Wildlife Protection Groups Urge City of Clovis to Overturn Decision to Kill Wildlife Colonies
Prairie Dogs in Public Park Threatened by Deadly Poison
The Humane Society of the United States: Kaitlin Sanderson,
Animal Protection of New Mexico: Phil
Carter, 505-967-5297; firstname.lastname@example.org
(March 4, 2013) – Wildlife protection organizations, including The Humane
Society of the United States, Prairie Dog Advocacy Watch Group, Citizens for
Prairie Dogs, People for Native Ecosystems, Animal Protection of New Mexico and
WildEarth Guardians, denounce the
City Commission of Clovis’ decision to kill prairie dogs instead of using no-cost,
non-lethal management options.
With Friday’s vote, the City Commission has set in motion
the mass extermination of hundreds of native prairie dogs with Rozol – a deadly
poison with documented secondary poisoning effects – instead of waiting until
June when relocation to a protected site could occur.
Joann Haddock, president of
Citizens for Prairie Dogs, and Susan Hubby, a Clovis resident, have offered to
relocate the prairie dogs to a confirmed, private release site in New Mexico at
no cost. This commonsense solution saves taxpayer dollars and conserves New
Mexico’s wildlife for future generations.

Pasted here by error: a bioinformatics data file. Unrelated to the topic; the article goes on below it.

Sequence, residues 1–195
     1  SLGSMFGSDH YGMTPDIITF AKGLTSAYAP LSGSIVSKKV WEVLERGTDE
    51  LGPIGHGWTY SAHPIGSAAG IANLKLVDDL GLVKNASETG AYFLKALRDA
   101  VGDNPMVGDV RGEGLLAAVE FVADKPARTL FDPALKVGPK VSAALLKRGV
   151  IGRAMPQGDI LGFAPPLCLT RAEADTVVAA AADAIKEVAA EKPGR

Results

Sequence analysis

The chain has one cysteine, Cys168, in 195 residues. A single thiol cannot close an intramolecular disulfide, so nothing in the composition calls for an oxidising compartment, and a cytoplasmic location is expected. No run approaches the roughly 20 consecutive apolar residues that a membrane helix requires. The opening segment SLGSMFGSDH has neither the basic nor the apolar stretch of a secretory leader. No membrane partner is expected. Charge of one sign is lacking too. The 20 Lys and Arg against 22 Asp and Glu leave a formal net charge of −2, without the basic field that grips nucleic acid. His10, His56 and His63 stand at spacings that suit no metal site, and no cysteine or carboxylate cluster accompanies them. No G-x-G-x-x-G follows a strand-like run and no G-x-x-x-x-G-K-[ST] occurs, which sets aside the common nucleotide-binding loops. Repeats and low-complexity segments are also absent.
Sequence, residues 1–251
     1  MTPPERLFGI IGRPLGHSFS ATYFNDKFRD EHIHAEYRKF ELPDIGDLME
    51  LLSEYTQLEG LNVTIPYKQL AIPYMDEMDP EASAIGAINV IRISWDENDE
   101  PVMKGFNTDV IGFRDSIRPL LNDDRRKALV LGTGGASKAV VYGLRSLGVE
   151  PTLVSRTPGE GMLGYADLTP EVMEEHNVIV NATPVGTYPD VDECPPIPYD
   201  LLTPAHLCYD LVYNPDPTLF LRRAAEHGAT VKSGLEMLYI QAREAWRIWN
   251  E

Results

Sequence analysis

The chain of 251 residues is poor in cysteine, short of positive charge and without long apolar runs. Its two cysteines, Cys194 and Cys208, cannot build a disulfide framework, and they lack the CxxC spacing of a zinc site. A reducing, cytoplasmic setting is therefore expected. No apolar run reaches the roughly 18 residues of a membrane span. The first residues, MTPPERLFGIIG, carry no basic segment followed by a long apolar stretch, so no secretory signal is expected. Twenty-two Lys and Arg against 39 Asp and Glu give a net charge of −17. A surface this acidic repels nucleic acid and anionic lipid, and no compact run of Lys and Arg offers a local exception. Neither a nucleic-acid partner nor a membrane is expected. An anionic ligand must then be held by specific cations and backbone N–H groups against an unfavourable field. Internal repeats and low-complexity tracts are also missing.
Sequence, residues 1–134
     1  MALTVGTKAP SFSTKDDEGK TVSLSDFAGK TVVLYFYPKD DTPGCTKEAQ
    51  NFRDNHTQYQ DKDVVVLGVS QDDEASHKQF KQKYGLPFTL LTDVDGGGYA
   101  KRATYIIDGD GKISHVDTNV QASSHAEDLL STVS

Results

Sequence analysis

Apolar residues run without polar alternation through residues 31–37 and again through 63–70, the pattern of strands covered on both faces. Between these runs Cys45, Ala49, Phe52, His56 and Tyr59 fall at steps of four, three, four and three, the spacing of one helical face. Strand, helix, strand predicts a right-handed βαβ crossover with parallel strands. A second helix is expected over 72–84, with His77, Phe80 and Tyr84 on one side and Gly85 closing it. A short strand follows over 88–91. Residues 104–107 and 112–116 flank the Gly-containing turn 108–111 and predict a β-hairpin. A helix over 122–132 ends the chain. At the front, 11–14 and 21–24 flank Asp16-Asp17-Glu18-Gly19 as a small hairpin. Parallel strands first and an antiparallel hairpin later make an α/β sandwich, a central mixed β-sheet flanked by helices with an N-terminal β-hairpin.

Taylor Jones, Endangered Species
Advocate for WildEarth Guardians, said, "This short-sighted plan to poison
prairie dogs will impoverish the park, its wildlife and local residents."
Ned Houk Memorial Park is a
protected 3,320-acre habitat of grasslands, ponds and trees in Clovis, and is
home to a diverse array of wildlife, including bison, prairie dogs and
burrowing owls. Burrowing owls are federally protected under the
Migratory Bird Treaty Act and are dependent on prairie dogs for their nesting
sites. Nonetheless, the City of Clovis has chosen to poison
the prairie dogs and purchased a large quantity of Rozol – a toxin that causes
extreme suffering, often taking up to three days for prairie dogs to die from
internal bleeding. Other animals are also vulnerable to ingesting Rozol and can
die or suffer for weeks.
Denise Saccone, president of Prairie
Dog Advocacy Watch Group, said, “Killing prairie dogs
does not solve the perceived conflict the City wants to address – long-term,
non-lethal management solutions would.”
This coalition of wildlife
protection organizations is urging the City of Clovis to reconsider its
decision and implement a long-term management plan that can address concerns of
park users, adjacent land owners and the City Commissioners.
Lindsey Sterling-Krank, director of The HSUS’ Prairie Dog
Coalition, said, “A win-win for taxpayers and for animals is right at hand – it
makes no sense for the City of Clovis to do otherwise.”
Nine different wildlife species depend on prairie dog populations
and their habitat for their survival, including hawks, owls, foxes and